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    05.18.11 Professor Lawrence Solan Publishes New Book: The Language of Statutes
    Larry Solan

    Brooklyn Law School is pleased to announce the recent publication of Professor Lawrence Solan’s book, The Language of Statutes.

    The Language of Statutes: Laws and their Interpretation (University of Chicago Press) joins learning from law, linguistics, and cognitive science to illuminate the fundamental issues and problems in this highly contested area. In the book, Solan argues that statutory interpretation is alive, well, and not in need of the major overhaul that many have suggested. Rather, he suggests, the majority of people understand their rights and obligations most of the time. The difficulty, Solan explains, arises in cases where there is a gap between, on the one hand, our limited ability to write crisp yet flexible laws, and on the other, the ways in which our cognitive and linguistic faculties are structured.

    Solan said his goal in writing this book was to “explain the recurrent dilemmas of statutory interpretation in a way that will resonate with judges and lawyers engaged in the process of applying laws, and at the same time with academics and law students who participate in the debates about what is legitimate for courts to consider and what should be out of bounds.”

    Solan’s discussion on statutory interpretation, informed by his background in linguistics and psychology (he holds a Ph.D. in linguistics from MIT), begins with an exploration of what it is that creates problems in interpretation and then reflects on how the legal system responds to such problems.

    The book introduces the problem with an example of a recent change in the law that made riding and moving between cars in the NYC subway system illegal. Solan pointed out that when the law was changed the signs on the cars, which refer only to riding between cars, were not changed. As a result, the number of arrests for violations of the law jumped from about 700 arrests in the year prior to the change to 17,000 in the year after the law was broadened. Solan used this illustration to show how there can be a disconnection between what the law “wants to accomplish on the one hand and what the communication of the law is on the other.” Most of the book is about miscommunication occurring within the law in itself.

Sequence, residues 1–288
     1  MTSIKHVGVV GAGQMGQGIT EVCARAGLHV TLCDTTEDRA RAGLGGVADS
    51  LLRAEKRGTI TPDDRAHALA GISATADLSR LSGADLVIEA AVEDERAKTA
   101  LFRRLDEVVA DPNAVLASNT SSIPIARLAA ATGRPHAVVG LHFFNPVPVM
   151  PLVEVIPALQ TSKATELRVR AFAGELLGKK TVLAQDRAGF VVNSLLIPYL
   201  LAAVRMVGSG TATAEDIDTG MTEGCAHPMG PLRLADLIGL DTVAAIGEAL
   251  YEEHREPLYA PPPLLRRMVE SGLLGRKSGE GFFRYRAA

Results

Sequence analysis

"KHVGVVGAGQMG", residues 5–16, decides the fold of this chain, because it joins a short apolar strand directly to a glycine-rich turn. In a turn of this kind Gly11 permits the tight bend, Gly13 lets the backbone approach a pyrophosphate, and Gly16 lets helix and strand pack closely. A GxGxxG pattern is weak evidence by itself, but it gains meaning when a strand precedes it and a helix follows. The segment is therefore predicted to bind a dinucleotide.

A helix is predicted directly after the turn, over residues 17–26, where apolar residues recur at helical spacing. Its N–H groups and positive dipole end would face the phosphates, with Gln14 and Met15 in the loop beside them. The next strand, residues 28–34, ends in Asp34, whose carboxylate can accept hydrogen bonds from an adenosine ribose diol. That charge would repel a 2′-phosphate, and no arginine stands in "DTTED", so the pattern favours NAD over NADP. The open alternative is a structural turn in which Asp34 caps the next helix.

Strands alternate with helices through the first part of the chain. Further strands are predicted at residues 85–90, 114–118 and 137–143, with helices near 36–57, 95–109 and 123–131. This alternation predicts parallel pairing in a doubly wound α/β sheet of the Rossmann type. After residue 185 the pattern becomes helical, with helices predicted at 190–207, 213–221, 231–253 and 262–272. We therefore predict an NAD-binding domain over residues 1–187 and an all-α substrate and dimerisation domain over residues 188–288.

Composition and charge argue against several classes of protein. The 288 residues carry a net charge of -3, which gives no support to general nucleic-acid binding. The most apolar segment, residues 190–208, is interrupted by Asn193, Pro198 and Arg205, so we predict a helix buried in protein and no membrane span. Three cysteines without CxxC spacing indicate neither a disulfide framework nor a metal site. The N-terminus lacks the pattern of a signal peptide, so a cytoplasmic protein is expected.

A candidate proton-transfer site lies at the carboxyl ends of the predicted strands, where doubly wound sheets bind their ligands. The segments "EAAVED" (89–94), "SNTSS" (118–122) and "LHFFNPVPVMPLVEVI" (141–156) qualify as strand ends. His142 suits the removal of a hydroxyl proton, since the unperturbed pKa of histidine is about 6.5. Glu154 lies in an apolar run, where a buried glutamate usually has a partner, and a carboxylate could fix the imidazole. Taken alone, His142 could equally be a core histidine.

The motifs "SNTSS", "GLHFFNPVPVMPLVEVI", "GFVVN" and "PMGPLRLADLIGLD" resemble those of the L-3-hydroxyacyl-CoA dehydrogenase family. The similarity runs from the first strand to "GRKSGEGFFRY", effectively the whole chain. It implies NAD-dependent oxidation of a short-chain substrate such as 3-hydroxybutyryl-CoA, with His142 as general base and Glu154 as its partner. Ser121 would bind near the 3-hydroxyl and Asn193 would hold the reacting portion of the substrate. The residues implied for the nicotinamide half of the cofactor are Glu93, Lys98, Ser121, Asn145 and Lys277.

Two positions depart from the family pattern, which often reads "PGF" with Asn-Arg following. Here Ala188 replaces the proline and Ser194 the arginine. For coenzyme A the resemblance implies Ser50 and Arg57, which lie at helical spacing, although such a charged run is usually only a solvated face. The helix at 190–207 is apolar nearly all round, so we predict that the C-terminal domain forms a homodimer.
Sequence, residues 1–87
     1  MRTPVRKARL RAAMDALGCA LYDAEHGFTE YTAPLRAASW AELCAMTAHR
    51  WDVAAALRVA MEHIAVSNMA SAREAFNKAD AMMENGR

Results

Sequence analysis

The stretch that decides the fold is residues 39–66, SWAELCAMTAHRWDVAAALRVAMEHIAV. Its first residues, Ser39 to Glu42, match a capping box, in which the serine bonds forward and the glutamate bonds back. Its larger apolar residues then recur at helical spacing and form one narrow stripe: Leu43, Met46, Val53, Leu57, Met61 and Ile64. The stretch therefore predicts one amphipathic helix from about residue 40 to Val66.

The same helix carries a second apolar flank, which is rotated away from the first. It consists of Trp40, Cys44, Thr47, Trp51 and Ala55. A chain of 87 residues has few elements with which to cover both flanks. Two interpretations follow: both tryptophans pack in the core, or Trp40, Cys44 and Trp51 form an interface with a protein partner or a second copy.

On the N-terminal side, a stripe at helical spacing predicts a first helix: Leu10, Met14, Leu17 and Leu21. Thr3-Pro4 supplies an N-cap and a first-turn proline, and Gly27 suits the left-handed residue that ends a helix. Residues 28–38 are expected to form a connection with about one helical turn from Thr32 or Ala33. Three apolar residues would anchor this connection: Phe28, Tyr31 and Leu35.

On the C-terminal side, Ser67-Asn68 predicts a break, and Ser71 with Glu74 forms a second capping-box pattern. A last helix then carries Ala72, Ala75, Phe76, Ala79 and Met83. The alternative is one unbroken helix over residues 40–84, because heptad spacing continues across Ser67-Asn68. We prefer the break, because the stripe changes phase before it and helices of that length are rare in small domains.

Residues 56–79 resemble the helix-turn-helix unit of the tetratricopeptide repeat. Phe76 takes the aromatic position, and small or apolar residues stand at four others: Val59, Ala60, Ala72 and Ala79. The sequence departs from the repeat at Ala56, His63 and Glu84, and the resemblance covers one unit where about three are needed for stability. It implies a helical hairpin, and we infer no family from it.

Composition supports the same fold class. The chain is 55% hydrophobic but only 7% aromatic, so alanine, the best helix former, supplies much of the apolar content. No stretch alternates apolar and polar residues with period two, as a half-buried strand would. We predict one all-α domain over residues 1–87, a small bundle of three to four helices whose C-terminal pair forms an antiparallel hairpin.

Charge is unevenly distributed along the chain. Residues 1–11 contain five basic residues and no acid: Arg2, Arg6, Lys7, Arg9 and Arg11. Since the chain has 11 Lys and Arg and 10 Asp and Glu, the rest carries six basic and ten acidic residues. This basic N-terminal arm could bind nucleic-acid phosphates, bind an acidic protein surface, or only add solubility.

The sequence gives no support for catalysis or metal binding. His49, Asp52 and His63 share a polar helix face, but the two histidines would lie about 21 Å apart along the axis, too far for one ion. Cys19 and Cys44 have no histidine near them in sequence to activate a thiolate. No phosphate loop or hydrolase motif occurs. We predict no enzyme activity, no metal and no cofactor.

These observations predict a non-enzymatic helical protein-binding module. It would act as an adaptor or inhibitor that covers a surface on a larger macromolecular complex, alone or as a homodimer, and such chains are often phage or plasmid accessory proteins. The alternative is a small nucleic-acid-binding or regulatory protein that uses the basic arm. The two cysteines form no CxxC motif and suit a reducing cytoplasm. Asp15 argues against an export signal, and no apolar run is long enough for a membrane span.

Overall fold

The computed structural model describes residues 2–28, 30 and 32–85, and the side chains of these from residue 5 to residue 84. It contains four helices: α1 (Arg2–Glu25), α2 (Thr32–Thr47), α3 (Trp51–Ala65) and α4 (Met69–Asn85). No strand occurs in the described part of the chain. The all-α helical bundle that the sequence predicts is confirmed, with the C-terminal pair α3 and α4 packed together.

Another statute Solan references is the bribery statute. He surveyed the cases decided under this law to determine just what aspects of language appear to create the biggest problems for the legal system.  He found that there were no disputes over the syntax, but that there were many over how one judges a person’s state of mind and over whether the words in the law include the situations that arise in litigation. For example, should a private janitorial service hired by a government agency counts as a “government official” under the statute? Professor Solan noted that there were “lots of small questions at the borders of the meanings of words” and he concluded that “for the most part our language faculty enables us to communicate very well with respect to the relationships among various phrases and words. Syntactically we are very adept as speakers. There may be ambiguities but they are resolved in context quickly. What we are not very adept at is playing around at the edges of word meaning.”

    Though there are many challenges facing legislatures, Solan argues that overall the task of statutory interpretation works remarkably well. He rejects the extreme arguments that judges have either too much or too little leeway, and rather focuses on how and why a certain number of interpretive problems are simply inevitable.

    To learn more, listen to an interview with Professor Solan.
    Read More about Professor Solan’s scholarship.